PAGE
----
Using tokens and claims lifts from the resource the burden of writing any explicit identity-management code. The same infrastructure that takes care of publishing RP policies can also perform operations such as deserializing tokens, checking signatures, and making claims values readily available to the resource developer regardless of the token format that was actually used on the wire. The infrastructure can also perform some authorization decision based on claims values, reducing further the tasks that the developer needs to worry about.
This is an advantage that holds for any scenario, but especially for the cloud where the hosting technology is one of the variables. Using claims makes resources truly portable, by decoupling them from the details of the infrastructure that will host them and the authentication technology that will be available at runtime.
Being able to specify policies at the resource level allows for very agile deployments, fine-grained control, and dynamic negotiation of the authentication technology of choice. It allows for establishing a management strategy that will work regardless of the hosting environment, thanks to the use of interoperable standards. It decouples the resource itself from the execution environment, making it much easier to move the resource around (including to the cloud).
Every resource specifies its requirements in an autonomous fashion: It is the subject that matches those with its own capabilities. The interaction is an emergent property of the combination of the two. Both parties can change independently, and the set of subjects that can access the resource is defined solely by the ability to comply with the requirements as opposed to some out of band or infrastructural dependency. The system is very robust, since everybody needs to worry only about its own requirements and capabilities. Onboarding users is very easy, since it does not require any explicit negotiation or arrangement.
Centralization of Some Authentication and Authorization Logic
In this pattern, the IP performs all the attributes retrieval. The RP receives what it needs in the form of a token, without needing to query other systems. This is obviously an advantage for those attributes to which the RP would not have access (i.e., Airline A asks for the subject’s frequent flyer status with partner Airline B), but it is also a great means of centralizing attribute retrieval logic in a single place. Not only does it reduce the number of endpoints that need access to attribute stores, with advantages for manageability and security, it can also reduce the number of accesses itself, since once the subject obtains a token it can cache and reuse it until it expires without getting back to the IP. The IP can also be used for authorization decisions, which can be expressed via claims as well; however, this can happen only when the IP has a tight relationship both with the subject and the resource. While this happens in important scenarios, such as when the IP represents a directory and the RP is one of the resources it manages, in the generic case no relationship can be assumed between RP and IP.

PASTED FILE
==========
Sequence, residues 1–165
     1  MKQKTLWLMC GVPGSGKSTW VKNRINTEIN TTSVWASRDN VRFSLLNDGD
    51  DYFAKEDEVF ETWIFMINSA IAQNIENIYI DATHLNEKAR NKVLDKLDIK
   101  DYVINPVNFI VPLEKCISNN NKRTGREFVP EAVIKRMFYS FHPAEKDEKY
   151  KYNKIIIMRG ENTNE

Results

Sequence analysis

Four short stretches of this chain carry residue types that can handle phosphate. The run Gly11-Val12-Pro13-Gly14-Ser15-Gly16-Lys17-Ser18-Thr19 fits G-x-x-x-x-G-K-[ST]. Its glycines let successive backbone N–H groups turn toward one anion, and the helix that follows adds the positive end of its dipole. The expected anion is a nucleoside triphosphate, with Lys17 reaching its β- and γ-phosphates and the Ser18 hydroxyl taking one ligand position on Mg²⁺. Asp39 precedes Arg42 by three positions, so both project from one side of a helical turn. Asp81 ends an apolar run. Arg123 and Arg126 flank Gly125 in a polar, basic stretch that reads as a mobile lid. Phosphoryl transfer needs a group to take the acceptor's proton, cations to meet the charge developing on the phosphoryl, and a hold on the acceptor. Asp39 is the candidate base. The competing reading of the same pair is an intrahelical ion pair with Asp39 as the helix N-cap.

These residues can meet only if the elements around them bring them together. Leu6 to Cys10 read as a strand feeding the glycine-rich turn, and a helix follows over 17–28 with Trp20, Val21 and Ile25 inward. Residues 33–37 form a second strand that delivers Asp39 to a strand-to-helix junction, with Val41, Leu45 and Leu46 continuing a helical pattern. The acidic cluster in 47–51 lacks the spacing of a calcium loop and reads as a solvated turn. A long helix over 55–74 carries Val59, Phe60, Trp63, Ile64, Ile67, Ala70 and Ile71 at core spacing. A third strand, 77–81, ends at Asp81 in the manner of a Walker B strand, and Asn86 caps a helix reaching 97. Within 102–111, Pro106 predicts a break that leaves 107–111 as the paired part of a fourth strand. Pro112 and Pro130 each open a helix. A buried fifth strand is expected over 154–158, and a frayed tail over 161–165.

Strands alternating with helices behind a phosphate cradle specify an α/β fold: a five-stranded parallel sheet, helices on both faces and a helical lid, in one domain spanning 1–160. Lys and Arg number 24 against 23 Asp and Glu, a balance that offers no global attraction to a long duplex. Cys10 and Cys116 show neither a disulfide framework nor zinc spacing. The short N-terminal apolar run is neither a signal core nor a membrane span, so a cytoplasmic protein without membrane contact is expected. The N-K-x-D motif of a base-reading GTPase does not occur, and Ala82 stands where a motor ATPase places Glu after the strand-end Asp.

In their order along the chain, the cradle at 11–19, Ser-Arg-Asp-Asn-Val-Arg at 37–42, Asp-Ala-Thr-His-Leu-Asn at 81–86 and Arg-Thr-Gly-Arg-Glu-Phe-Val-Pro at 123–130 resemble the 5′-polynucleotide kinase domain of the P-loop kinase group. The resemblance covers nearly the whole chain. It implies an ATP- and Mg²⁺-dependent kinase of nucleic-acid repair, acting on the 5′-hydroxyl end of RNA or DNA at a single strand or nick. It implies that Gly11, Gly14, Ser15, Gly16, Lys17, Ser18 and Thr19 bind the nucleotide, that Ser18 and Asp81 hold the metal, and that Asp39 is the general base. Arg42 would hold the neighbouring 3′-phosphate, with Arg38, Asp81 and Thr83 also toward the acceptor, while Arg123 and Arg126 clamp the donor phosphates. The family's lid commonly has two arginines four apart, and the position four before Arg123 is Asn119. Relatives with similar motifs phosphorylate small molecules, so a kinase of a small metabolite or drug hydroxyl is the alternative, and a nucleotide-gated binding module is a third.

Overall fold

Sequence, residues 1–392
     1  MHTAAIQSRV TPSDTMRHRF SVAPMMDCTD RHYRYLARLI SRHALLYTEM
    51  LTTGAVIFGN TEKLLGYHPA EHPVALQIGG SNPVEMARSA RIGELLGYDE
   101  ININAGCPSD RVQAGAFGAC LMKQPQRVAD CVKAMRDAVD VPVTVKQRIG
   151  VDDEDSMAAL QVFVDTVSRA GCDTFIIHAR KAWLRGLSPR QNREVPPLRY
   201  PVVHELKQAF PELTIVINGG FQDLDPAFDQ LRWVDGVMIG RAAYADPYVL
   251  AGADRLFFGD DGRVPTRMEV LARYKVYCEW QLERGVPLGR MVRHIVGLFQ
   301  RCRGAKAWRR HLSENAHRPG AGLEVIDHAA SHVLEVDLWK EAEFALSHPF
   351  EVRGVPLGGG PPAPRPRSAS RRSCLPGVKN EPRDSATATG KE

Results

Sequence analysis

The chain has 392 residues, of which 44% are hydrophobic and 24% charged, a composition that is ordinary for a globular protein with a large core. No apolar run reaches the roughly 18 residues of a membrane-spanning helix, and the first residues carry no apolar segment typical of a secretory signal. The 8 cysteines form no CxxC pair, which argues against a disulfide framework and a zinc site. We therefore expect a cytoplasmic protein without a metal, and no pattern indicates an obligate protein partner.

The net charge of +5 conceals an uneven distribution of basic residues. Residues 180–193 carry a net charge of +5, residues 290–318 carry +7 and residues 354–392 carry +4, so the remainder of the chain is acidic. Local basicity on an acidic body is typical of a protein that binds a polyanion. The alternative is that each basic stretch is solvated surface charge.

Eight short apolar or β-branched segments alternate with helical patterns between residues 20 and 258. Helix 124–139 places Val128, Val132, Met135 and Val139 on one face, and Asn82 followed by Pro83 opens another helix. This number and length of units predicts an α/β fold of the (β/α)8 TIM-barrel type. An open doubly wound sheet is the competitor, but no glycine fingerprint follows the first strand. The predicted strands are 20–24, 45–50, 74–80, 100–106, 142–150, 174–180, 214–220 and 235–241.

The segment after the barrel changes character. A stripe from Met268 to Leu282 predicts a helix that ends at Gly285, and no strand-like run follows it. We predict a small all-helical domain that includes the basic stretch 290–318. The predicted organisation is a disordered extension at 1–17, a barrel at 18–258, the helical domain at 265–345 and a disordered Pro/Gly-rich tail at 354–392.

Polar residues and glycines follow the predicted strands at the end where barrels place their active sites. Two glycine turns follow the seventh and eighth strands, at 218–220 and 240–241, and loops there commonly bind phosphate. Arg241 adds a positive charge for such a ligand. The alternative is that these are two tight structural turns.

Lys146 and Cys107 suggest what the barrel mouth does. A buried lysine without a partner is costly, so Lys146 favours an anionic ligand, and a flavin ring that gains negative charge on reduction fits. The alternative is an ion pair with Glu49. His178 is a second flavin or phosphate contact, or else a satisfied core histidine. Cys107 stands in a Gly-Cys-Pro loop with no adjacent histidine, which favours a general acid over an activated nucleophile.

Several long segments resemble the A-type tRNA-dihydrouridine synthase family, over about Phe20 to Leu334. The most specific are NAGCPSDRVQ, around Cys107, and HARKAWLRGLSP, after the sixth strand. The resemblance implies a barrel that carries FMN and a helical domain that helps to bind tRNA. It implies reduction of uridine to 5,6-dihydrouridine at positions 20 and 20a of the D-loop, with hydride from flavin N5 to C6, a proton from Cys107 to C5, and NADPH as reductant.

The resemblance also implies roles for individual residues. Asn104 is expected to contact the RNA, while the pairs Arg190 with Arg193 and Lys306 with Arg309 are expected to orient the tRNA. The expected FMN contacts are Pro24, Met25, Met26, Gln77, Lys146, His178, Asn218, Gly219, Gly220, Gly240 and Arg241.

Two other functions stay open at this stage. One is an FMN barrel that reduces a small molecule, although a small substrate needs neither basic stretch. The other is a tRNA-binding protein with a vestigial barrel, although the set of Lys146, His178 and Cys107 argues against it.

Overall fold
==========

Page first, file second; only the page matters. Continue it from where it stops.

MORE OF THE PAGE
This is key to many cloud scenarios, in which resources need to rely on external IPs for verifying information about possible users; however, it is also very useful in more agile versions of classic federation, in which users of a partner organization can be represented by technology- and platform-agnostic tokens, and for crossing boundaries of any kind.
The pattern just described can be applied to a wide range of scenarios, from consumer (frequent flyer with Airline A accessing the Web site of partner Airline B) to enterprise (almost any Kerberos scenario can be modeled that way, with the added bonus of technology independence).
However, there are situations in which certain constraints may prevent the application of the pattern as it is:
1. Indirect trust—A RP may not directly trust the IPs that are in a relationship with the subject, but there could be a chain of intermediate authorities that can be traversed for brokering trust. If you want to board a plane, you won’t be able to do so using just the documents already in your wallet; the employee at the gate will trust only a boarding pass issued by the proper airline. However, you can use the documents already in your possession (passport or driver’s license, issued by the government) at the check-in counter to obtain the boarding pass (issued by the airline).
2. Claims format—The RP may not be able to understand the claims in the format issued by the IPs that are directly available to the subject. Sometimes it is a simple matter of format (my Italian ID says “nato il” instead of “birth date,” a bartender in the U.S. would not be able to extract the information he needs even if it’s there), other times the claims required by the RP are the results of some processing of the raw information received (the RP may need a “CanDrink?” claim, which may be the result of processing “age” and “Nationality”).
The new constraints can be easily addressed by adding a new element, which we will call a claim transformer, that can process a token before it reaches the resource and can be leveraged by the RP to broker trust and convert the incoming claims in a more suitable format. Between the subject and the RP, there could be an arbitrarily long chain of claim transformers. Dynamic negotiation of policy can automatically “choose” a path, if available, without any need to plan it at a high level.
The best artifact for implementing a claim transformer is, again, the STS. Instead of populating the issued claims from its own data sources, the STS used by the claim transformer will mainly manipulate the incoming information. Since it is often run by the same entity that owns the RP, as in the classic federation case, this kind of STS is usually referred to as Resource STS, R-STS or RP-STS. I recommend reading my blog for more details (see Resources).